The issue surrounding Vinicius Junior, who continues to be the victim of racist chants in Spain, is taking an increasingly international turn. The circumstance doesn’t just concern Spain, where the Real Madrid player operates, or his homeland Brazil, which has been robustly reacting to the continuous racist demonstrations against him.
In Italy, Corriere della Sera’s front page has featured a detailed report right below headlines dedicated to the country’s financial contributions for recent flood damages. Vinicius himself stated on the current situation, “Every away matchday brings an unpleasant surprise. Death threats, hanged dummies, loud cries. It isn’t football, it’s inhumane.”
The recurring racist mantra against him, “monkey,” has not been muttered by isolated fans. Indeed, during last week’s Valencia v Real Madrid match, the entire stadium was yelling the epithet, according to Real Madrid’s manager, Carlo Ancelotti.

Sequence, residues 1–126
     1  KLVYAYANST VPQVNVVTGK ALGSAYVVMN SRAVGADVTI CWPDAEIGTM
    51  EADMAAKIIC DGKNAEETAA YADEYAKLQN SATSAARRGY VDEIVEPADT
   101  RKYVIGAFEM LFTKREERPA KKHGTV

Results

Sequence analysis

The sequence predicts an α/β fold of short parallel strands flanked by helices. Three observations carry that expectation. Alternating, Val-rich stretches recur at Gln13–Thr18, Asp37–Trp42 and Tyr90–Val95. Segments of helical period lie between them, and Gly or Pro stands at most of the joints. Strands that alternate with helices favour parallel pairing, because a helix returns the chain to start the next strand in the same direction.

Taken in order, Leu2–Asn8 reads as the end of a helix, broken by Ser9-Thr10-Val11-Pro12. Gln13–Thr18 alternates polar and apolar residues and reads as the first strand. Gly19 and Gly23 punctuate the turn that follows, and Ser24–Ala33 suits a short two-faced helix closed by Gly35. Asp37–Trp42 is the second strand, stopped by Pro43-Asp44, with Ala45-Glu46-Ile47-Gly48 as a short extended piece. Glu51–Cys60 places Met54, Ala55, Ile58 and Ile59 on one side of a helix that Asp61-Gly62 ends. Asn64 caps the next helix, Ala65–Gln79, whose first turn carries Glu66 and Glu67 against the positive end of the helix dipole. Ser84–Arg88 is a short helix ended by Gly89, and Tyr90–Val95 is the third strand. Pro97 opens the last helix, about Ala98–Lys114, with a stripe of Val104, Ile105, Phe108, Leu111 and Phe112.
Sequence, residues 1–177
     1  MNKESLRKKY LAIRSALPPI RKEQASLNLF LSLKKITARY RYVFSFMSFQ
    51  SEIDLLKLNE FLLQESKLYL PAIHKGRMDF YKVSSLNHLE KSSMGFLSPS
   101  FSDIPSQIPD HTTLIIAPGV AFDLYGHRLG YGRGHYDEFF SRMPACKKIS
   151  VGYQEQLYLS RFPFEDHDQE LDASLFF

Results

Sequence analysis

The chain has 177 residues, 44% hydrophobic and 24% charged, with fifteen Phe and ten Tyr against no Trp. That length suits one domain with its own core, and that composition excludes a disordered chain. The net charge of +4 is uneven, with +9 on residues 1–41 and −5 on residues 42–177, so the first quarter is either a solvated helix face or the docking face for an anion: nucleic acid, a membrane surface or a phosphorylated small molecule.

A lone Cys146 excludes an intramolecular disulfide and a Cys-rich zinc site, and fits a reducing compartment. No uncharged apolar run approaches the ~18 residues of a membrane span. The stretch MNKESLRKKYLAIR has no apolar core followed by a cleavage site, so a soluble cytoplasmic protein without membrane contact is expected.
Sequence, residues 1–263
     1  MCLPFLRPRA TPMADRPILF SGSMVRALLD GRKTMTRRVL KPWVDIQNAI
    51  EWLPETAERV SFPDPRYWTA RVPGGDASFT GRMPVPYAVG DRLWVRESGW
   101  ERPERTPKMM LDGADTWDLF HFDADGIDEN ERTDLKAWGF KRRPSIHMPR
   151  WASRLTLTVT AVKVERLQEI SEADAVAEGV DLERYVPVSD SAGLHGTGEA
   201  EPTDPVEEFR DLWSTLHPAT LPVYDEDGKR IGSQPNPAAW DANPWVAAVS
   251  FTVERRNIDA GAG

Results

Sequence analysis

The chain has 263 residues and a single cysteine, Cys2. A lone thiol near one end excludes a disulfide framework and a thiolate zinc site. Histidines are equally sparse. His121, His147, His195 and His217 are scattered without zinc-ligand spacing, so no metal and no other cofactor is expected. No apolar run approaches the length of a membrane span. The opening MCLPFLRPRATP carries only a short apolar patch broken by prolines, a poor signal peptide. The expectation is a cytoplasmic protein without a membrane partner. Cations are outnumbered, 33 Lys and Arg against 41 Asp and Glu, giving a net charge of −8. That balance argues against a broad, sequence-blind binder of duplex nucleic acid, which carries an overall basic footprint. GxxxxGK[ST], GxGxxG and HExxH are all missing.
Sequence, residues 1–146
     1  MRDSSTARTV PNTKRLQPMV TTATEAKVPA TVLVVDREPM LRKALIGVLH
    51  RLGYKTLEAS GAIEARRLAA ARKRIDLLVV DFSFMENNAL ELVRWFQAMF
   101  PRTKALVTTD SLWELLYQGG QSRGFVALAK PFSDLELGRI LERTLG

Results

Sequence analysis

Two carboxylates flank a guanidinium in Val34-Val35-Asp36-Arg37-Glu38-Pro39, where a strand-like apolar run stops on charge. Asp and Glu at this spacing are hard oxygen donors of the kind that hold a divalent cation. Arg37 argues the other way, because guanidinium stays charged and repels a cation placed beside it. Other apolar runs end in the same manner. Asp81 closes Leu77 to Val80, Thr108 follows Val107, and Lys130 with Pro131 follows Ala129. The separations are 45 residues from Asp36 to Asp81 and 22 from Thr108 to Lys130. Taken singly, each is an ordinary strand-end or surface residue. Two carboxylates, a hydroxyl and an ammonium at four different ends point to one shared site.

These events have led the Brazilian government to take a forceful stance, with Lula demanding “serious measures” to end this form of vilification. The indignation has prompted significant symbolic reactions, with Rio de Janeiro’s Christ the Redeemer statue being turned off as a form of strong protest.
O’Globo Newspaper suggests that Vinicius has pinpointed a discrepancy and opened a long-hidden cultural issue. The prevalent football culture assumes that athletes must tolerate all insults hurled at them from the stands. Portuguese historian Miguel Lourenço, who has authored several football books, asserts that the player’s refusal to accept such abuse, as a black athlete belonging to an elite group, has provoked increased backlash and an exponential surge in insults.
In this matter, Reuters journalist Fernando Kallás, who has lived and worked in Spain for the past 13 years, points out that Spain lags behind in the current global conversation about racism. “What happened last Sunday was so incredible and shocking that it eventually forced Spain to start looking inward and realize there’s a problem”.
This could potentially be addressed with a legal tool that is already in place in Spain: hate crime offense provided in the Spanish Penal Code, which carries a sentence of one to four years. La Liga has already filed eight complaints this season for the attacks on Vinicius, admired by Pelé “for his joy and talent”. However, so far, none has resulted in a criminal sanction.